When it comes to new concept development, Stephanie Betts wants it as original as it gets.
The newly promoted EVP of content and current series at Canada’s DHX Media is going to great lengths—and some not-so-far-off places—to mine original ideas that can potentially lead to evergreen brand status. Her expanded remit, along with the appointment of former Corus Entertainment and marblemedia exec Todd Brian as director of animation development, signals both an amplified and streamlined approach to content creation on the part of DHX.
“I will be expanding our development and production teams, and giving more attention to every project. A big part of my new job is working more closely with all company divisions, including distribution, channel and WildBrain teams,” Betts says. “I was always part of these divisions in my previous role [as SVP of development and current series], but now we are ensuring a more formally aligned approach that entails setting creative-first strategies from the onset.”
For example, Betts will sit down with division heads upon optioning a project in order to decide whether the creative approach is primed for short-form content (à la WildBrain) or is a better fit for long-form formats. Aligning marketing and creative forces is also important as the company looks to relaunch some of its evergreen properties like Strawberry Shortcake. While Betts is familiar with the world of global franchises—she has more than 16 years of experience developing and producing content that includes upcoming Apple TV+ series Snoopy in Space, Cloudy with a Chance of Meatballs and Teletubbies—her plate is also full of new modes for discovery. In terms of mining old properties versus new one, DHX’s slate is currently comprised of about 30% well-known franchises and 60% new concepts.
“We are meeting with as many creatives and talent as we can, and we want the community to know that we are open for pitches,” Betts says.
And, given its large workforce (750 artists in its Vancouver studio alone), DHX relaunched its internal incubator program this past spring, which has led to several short-listed pitches. The winning concepts will then move forward to an option deal in September. A WildBrain-focused incubator program is also in the works.
“We want to mine in-house talent, so that’s a big focus moving forward,” Betts says. “We want to support creators who haven’t always had have a voice. It’s a good time to be an artist, director or designer—they make the rules now. And that’s why we want to lean into our studio talent.”
While Betts looks inward with the help of Amir Nasrabadi, the company’s new EVP/GM of Vancouver-based DHX Animation Studio, Brian’s remit will involve tapping further into the Canadian production scene. “We have partnership relationships in place, and that’s something we want to continue to uphold,” Betts adds. “Great ideas come from all over the place.”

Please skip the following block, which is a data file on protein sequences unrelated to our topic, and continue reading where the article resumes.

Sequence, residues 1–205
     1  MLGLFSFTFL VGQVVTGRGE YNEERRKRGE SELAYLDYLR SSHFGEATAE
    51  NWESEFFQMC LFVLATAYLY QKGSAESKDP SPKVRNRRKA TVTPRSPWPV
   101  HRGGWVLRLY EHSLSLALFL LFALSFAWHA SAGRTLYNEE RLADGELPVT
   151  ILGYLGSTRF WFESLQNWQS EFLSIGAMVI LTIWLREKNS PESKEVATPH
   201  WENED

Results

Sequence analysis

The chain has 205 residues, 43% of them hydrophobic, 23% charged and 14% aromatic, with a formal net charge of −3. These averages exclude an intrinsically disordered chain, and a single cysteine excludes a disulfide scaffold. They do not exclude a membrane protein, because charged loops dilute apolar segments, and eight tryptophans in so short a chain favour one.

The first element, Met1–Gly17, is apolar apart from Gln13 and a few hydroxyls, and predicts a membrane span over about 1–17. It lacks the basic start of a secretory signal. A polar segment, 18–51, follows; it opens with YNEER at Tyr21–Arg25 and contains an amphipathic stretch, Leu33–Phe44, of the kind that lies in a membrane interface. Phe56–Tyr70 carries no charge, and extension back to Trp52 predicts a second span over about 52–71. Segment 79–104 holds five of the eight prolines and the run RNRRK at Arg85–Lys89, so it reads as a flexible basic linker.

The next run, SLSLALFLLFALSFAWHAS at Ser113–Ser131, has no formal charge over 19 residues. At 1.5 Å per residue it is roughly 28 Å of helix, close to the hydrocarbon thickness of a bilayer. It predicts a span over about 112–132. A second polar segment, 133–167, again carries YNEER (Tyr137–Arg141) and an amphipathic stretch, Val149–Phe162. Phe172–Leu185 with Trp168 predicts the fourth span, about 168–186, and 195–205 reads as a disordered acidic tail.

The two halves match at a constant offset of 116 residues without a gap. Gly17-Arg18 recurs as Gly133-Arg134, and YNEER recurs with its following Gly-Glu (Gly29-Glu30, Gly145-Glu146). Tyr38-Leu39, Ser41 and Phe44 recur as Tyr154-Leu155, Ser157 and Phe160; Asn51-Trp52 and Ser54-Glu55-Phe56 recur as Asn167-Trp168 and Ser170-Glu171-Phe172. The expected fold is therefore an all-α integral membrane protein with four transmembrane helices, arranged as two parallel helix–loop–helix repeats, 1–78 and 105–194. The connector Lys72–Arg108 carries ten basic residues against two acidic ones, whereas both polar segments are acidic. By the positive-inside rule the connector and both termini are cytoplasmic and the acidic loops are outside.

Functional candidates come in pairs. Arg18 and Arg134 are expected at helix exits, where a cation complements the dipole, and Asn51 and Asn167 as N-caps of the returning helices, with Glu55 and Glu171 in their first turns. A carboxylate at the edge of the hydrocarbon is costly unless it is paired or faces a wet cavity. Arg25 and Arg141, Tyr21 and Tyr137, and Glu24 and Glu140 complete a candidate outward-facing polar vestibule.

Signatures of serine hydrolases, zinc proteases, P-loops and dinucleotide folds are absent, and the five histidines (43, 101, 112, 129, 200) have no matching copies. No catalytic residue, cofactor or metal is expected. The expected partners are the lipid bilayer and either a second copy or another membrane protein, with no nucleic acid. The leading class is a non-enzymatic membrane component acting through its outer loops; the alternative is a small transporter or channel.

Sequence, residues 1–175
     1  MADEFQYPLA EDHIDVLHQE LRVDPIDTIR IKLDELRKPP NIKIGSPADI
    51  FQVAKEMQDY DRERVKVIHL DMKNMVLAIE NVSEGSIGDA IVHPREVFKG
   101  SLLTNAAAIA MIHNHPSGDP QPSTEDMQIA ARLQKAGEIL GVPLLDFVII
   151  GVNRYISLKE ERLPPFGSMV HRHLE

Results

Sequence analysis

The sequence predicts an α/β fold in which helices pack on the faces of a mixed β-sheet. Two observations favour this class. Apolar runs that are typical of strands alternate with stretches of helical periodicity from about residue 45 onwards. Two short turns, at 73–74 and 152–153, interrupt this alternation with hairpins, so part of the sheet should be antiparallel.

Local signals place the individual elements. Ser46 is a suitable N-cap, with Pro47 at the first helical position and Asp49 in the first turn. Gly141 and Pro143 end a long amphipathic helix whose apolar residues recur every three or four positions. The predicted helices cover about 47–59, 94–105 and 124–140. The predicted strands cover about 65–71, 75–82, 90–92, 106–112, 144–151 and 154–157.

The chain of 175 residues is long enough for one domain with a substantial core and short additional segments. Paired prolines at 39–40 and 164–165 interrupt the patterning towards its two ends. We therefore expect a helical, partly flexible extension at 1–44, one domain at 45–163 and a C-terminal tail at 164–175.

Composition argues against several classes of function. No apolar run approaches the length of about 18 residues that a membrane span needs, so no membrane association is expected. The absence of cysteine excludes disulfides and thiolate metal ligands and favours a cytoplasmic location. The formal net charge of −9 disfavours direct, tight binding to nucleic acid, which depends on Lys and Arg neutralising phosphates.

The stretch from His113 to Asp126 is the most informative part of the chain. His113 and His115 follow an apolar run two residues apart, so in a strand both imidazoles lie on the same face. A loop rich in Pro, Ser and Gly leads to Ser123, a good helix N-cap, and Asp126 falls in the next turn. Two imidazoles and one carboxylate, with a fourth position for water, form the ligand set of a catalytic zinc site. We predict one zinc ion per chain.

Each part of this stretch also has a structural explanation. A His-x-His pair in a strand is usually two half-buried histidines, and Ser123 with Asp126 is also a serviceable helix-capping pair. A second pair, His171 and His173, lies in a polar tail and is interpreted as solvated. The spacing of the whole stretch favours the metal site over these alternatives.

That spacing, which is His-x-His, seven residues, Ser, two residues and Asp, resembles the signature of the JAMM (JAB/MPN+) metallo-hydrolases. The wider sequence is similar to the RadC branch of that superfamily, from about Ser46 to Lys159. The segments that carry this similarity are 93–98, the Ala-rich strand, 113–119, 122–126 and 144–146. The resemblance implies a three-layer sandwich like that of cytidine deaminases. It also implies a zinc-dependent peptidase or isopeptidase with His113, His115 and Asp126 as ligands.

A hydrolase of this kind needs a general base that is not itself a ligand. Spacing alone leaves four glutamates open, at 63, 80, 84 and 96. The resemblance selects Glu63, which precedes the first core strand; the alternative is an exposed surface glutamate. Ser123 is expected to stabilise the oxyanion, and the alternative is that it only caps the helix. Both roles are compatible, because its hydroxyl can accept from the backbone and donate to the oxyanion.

In that vein, Betts says that DHX is taking a less-is-more approach to development. “We are actively looking for a few projects rights now in categories across preschool, action, animated comedies and tween live-action. We’ve always [worked] across all genres, and that’s not going to change, but we will be giving more care to fewer projects on our slate.” Betts says she will ideally oversee between 20 to 25 projects (animation and live-action combined), adding that the company is being very mindful about how much it takes on at any given time for ground-floor development due to a heightened focus on premium content, which requires more time and attention.
Betts believes that putting more focus on projects will also breed creativity. “I’m all about reimagining formats. Can we crack a preschool sitcom? Or an animated procedural? We are trying to avoid following one way of doing things,” she says.
Of course, it’s hard to avoid flowing into SVOD territory. There are currently no original content plans for DHX’s new Kids Room SVOD service, but Betts says she will continue to dedicate significant resources to creating content for platforms like Netflix. (DHX/DreamWorks collab DreamWorks Go, Dog. Go!, for example, is slated to hit Netflix in 2020.) The company’s deal with Apple TV for exclusive Peanuts content is also biting into a lot of Betts’ time, though she remains tight-lipped on launch details. “The Peanuts-Apple collaboration is very exciting in terms of format freedom. That’s all I can say for now.”
What Betts is readily open to discussing is the state of creativity in children’s entertainment right now.
“It’s a pivotal time for the industry as a whole. The rules have been thrown out, and there are new platforms for interesting voices and concepts to be heard and made,” she says. “We want to continue surprising ourselves and, mostly importantly, our audience.”